October 2 marks the one-year anniversary since the murder of Saudi critic Jamal Khashoggi, a killing that sparked a global furor surrounding the kingdom's royal family.
The murder of Khashoggi, a Washington Post columnist, took place in the Saudi consulate in Istanbul. It was carried out by a 15-man hit squad that traveled from Saudi Arabia on diplomatic passports. Saudi Arabia's ruling family has denied it ordered the murder but evidence has mounted since the killing that implicates high-level Saudi officials.
In June, the UN special rapporteur on extrajudicial, summary or arbitrary executions, Agnes Callamard, said that Saudi Arabia is responsible for the "pre-meditated execution" of Khashoggi. Callamard, also determined that there was credible evidence, warranting further investigation of high-level Saudi officials' individual liability, including that of the Crown Prince Mohammed bin Salman.
The crown prince said last week that he takes "full responsibility" for the murder but denied allegations that he ordered the killing. In an interview with CBS's "60 Minutes," he said the killing was a "heinous crime" and a "mistake" by individuals working for the Saudi government.
In the immediate weeks following Khashoggi's murder, when more details began to emerge, Saudi's stock exchange, the Tadawul, fell sharply as investors feared the kingdom's relationship with the international community would suffer.
Saudi stocks saw their biggest intraday drop since December 2014 almost two weeks after the murder, when President Donald Trump warned of a "potential severe punishment" for the kingdom — although no punishment has come to pass. Still, over the 12 months since Khashoggi's death, the Tadawul index has risen and fallen to hit the exact same level it was a year ago.
Analysts say that Saudi Arabia has largely escaped punishment for the murder because it is too important as a strategic ally in the Middle East. There are major economic considerations too — Saudi Arabia is one of the world's largest oil producers and it's also a large buyer of U.S., U.K. and European arms.
Saudi Arabia has made significant efforts to attract more inflows of foreign investment after its economy shrank in 2017 for the first time in nearly a decade. The International Monetary Fund predicts that its economy will grow 1.9% in 2019 and 3% in 2020, aided by a stronger non-oil sector.
"It's difficult to tell if there's been any direct impact on the Saudi Arabian economy from Khashoggi's death," Jason Tuvey, senior emerging markets economist at Capital Economics, told CNBC Tuesday.
"But the clearest indirect evidence we've had that it could have deterred investors is that foreign direct investment into the kingdom has remained very low. The crown prince has pinned his hopes on attracting more foreign investment as part of his efforts to diversify the economy away from oil."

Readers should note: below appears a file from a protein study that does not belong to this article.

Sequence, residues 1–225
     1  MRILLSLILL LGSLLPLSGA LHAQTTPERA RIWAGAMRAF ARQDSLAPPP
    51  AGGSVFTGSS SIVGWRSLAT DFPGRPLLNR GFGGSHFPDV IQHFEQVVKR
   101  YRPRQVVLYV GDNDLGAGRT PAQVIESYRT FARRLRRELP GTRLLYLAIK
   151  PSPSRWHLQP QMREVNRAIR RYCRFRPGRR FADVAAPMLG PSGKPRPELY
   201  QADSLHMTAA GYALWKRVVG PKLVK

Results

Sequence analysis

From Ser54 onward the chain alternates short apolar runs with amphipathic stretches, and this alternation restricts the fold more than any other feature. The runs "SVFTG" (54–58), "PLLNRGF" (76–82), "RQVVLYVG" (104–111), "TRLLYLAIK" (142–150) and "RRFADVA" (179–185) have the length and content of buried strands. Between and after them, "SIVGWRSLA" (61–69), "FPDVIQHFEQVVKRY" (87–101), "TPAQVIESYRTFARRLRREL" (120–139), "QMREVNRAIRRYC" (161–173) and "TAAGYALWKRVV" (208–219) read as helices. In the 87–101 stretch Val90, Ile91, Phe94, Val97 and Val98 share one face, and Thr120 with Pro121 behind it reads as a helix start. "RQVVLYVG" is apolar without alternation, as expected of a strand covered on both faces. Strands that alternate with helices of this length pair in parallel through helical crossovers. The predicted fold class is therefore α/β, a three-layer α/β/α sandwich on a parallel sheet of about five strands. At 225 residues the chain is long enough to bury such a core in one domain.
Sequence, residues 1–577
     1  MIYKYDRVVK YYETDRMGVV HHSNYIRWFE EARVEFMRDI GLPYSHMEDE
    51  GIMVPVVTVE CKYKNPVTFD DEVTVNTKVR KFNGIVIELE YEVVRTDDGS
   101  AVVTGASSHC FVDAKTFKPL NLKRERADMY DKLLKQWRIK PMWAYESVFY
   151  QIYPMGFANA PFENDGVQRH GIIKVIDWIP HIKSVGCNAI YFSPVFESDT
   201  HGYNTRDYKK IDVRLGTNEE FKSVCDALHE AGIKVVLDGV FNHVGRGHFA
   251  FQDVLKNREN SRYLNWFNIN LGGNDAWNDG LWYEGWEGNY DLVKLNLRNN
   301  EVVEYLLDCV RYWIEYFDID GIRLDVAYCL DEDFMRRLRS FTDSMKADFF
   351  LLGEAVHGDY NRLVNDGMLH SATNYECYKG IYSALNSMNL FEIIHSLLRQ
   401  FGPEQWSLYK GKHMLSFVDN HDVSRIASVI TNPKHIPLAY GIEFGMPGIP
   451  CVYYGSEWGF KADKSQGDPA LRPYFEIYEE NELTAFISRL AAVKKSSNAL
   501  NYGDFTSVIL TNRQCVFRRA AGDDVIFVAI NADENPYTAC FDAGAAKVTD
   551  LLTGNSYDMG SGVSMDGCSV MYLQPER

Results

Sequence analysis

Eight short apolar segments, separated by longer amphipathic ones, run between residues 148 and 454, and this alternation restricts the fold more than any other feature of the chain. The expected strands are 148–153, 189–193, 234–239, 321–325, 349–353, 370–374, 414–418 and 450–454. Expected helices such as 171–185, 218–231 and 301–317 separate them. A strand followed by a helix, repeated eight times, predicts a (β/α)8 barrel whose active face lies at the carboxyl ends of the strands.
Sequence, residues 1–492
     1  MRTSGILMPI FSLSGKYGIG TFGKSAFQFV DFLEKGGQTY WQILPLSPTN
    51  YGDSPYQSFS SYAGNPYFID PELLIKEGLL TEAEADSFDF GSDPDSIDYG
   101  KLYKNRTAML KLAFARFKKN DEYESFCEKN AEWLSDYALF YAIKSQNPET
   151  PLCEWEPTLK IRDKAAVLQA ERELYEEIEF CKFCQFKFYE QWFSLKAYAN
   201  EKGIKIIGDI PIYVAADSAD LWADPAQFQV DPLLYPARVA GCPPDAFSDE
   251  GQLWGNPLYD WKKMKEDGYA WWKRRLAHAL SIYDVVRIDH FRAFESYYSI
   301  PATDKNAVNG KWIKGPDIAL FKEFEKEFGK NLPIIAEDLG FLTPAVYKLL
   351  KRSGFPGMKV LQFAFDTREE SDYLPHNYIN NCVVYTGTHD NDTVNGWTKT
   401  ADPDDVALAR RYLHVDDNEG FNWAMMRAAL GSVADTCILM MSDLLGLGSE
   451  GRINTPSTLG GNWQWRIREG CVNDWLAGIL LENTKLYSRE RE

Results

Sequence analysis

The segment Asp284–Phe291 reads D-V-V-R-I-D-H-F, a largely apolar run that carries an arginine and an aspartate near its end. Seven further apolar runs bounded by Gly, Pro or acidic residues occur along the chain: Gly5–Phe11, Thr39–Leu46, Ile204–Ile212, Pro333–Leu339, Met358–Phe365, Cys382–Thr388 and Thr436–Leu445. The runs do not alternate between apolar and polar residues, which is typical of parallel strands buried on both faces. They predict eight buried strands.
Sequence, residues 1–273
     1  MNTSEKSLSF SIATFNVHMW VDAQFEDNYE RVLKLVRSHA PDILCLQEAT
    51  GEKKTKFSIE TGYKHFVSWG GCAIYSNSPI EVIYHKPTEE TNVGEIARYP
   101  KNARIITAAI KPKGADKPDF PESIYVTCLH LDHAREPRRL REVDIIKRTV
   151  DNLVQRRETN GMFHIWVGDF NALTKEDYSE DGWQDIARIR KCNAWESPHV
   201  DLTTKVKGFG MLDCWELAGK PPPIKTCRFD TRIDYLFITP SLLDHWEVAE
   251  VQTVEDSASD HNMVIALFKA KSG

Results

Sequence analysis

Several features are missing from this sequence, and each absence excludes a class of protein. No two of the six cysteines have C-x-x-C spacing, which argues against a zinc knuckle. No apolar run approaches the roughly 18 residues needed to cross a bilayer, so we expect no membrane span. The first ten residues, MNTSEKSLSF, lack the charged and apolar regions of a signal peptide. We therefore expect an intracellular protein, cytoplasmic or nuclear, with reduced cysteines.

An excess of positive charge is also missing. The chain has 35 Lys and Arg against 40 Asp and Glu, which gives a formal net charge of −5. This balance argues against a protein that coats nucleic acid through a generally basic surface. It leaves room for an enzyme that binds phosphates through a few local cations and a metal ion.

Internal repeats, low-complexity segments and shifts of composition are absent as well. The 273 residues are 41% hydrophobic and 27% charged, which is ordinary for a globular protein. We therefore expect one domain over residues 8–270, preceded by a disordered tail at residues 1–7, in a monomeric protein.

According to the UN's World Investment Report for 2019, FDI (foreign direct investment) flows to Saudi Arabia rose from $1.4 billion in 2017 to $3.2 billion in 2018, still significantly lower than the 2008 peak of $39 billion.
"Political factors and lower oil prices were largely responsible for lower than usual FDI flows to Saudi Arabia. Recent efforts aimed at economic diversification in the country have identified FDI as a key priority, however," the report noted.
The political direction of the kingdom is under close scrutiny. Crown Prince Mohammed bin Salman was seen as a modernizing force in Saudi Arabia, having presented his 'Vision 2030' program of economic reforms and plans to diversify the economy away from oil. He has also overseen a crackdown on corruption and social reforms, such as women being able to drive.
Saudi Arabia's foreign policy could be off-putting for some investors given its military operation in Yemen against Iranian-backed Houthi rebels, and its bitter relations with its regional rival Iran.
"Khashoggi's murder came about a year after we saw the corruption crackdown, which also contributed to general investor uncertainty over the direction that the kingdom is taking politically," Tuvey noted.
"There had been signs of capital flight around the time of the murder but in the longer-term the main damage is likely to come via the hit to the kingdom's attractiveness for direct investment."
The Khashoggi case threatened to overshadow the crown prince's moves to modernize the kingdom — for a while at least, according to Ayham Kamel, head of MENA at Eurasia Group.
"The Khashoggi issue cannot be easily swept under the rug and the crown prince has now realized that he needs a more proactive approach that embraces the need for some measure of accountability," he told CNBC Wednesday.
"The long-term challenge for the kingdom remains structural and revolves around the effectiveness of reforms and the ability of the government to attract foreign investors to build up a non-oil economy."